Flight to London purchased?  Check.

Quaint lodging around England and Wales booked?  Check.

Rental van reserved?  Check.


I would have much preferred to rent a car for our upcoming trip to England and Wales.  Cars are cheaper.  Cars are smaller and more maneuverable around Britain’s narrow village roads and country lanes.  Cars are lighter and use less gas.  But cars have one glaring flaw.  They cannot hold a Big Black Bike Box (which henceforth shall be referred to as “the bike box” or, more simply, “the box”).

Using dimensions for the back of the rental van, we determined that, configured this way, we will have enough space for all our stuff. (?????)

Have you ever traveled with a bike box?  We have. It’s… an adventure.  As much as I love travel planning and am open to puzzling out travel problems, adding a bike box to overseas travel can up the hassle-factor to the almost unbearable level.  So why bother, you ask?  A little history:

I am married to a man who is very into sports and fitness.  More specifically he’s is into duathlon/triathlon.  Now, so am I, but I would put myself at the “enthusiast” level, whereas he is closer to “fanatic.”  A sub-trait of being a multisport extremist, at least for him, is being bike-crazy.  Given his druthers, all our European travels – heck, all our travels period – would be bike-focused.  Me?  No bikes.  I go to Europe for the food, history, and culture.  I don’t want to show up to the Eiffel Tower dripping in sweat and wondering where the heck I can put my bike while I attempt climb the structure in my unflattering padded shorts and clip-in bike shoes.  I don’t want to spend my time at the Colosseum moaning about sore butt bones, an aching back, and the latent kink on the left side of my neck that always reveals itself three minutes into any ride.  But I digress.  The point is that he is very into bikes and very, very particular about what bike he rides.  In other words, no bike rentals.

Several years ago we traveled to Belgium to visit our cycle-loving friends (hereafter knows as “The Belgians“) for a few days and then traveled with them to southern France and the Alps – a very cycling focused vacation.  Given the nature of the trip, and the fact that my cousin lent us his bike box (if possession is 9/10 of the law, it’s technically ours now), we chose to bring our bikes.  This involved the husband disassembling said bikes and loading them into the box.  Not a big deal, you say.  Well, wait.  Then it was down to the airport the day before departure to make sure they weighed in under the designated weight limit. The going rate, at the time, was $125 each way for an oversized item, but go even one ounce over the weight limit and the price skyrocketed. So we got it weighed at the curbside check-in desk at the airport, then drove 30 feet and weighed it at the next curbside check-in desk, just to be safe.  As it was, we came in just shy of the limit.  (Relieved brow-mopping and a flurry of high-fives followed.)  Then we returned the next day, went to a special desk to hand over the bike box, and were on our way.  It was waiting for us when we arrived in Brussels, The Belgians had a minivan and a garage with tools and room for lots of bikes on their car, so we were all set and, except for lugging it around the airports, using the box was mostly uneventful.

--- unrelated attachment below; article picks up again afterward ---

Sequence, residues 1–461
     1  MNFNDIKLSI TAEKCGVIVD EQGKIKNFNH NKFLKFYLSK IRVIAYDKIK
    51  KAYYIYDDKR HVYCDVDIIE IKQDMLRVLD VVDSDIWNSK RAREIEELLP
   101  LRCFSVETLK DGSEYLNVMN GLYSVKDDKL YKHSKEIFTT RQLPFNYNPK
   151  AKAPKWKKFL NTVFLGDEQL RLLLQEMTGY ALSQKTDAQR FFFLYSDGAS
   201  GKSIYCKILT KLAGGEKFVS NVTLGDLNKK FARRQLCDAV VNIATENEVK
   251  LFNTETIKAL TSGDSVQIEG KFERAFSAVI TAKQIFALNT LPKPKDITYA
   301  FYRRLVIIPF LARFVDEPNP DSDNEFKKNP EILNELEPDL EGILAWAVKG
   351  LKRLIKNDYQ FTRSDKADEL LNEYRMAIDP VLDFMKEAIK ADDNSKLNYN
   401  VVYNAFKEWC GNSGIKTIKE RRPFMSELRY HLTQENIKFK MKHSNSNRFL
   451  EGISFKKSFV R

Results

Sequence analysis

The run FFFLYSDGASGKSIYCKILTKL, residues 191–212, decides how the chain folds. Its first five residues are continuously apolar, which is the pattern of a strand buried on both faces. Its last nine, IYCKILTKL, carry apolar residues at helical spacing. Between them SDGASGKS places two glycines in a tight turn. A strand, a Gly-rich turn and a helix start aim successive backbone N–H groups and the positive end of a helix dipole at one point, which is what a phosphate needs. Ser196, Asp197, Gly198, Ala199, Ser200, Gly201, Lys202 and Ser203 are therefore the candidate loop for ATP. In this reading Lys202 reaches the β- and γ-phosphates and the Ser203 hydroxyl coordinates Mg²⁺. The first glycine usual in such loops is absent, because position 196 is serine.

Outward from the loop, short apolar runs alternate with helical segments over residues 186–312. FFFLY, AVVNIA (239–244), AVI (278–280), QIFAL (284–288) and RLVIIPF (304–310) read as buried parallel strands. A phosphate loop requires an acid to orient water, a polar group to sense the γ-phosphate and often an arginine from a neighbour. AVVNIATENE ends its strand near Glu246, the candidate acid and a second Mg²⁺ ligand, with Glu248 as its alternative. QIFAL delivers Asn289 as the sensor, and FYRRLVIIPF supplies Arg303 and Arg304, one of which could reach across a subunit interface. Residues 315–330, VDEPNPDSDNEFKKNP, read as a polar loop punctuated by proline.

Two years ago we returned to cycle with The Belgians, but this time the first ten days of the trip was just the husband and me touring around France.  After that we were to meet up for another alpine cycling adventure.  Because of the nature of this trip, and because I wasn’t planning to cycle this time, I begged him to please, please rent.  I threw in the tantalizing promise that the next time we did any cycling on a European vacation, he could definitely, for sure, absolutely bring his own bike.  When he’s feeling generous, he’ll agree that it was the right move, but get him thinking about the rental experience (which occurred twice – once in the Alps and once in Provence) and he’ll happily tell anyone listening what a pain it was and how the experience just wasn’t the same on “not-my-bike”.

Fast forward to the UK trip, where I am being held to my hastily-made promise.  There will be no Belgian friends with minivans picking us up from the airport.  There will be no garage to leave it in while we tour the country.  There will only be jetlagged us, two suitcases, two carry-ons, a massive bike box, and the need to somehow get all this crap around Britain with us.  There were serious doubts about it fitting a) on a train, and b) on the underground.  Ergo, a van.  Let the adventure begin!

Tri All 3 Sports - Velo Safe II Pro-Series Bike Case - Black
Big Black Bike Box

Related post: On Traveling Overseas with Bicycles: How It All Played Out

20 thoughts

  1. Hilarious! We just did the Portuguese Route of the Camino de Santiago on rented bikes and I can not even imagine bringing our own, although to be fair, neither my husband nor I are biking fanatics, just enthusiasts, as you say. And you are totally right…arriving in places all sweaty, in the biking attire, with helmet hair wasn’t something I enjoyed, but there was a great sense of accomplishment which made it worth while. Bringing the big, black box definitely takes “not packing light” to a whole new level! 🙂

    Liked by 1 person

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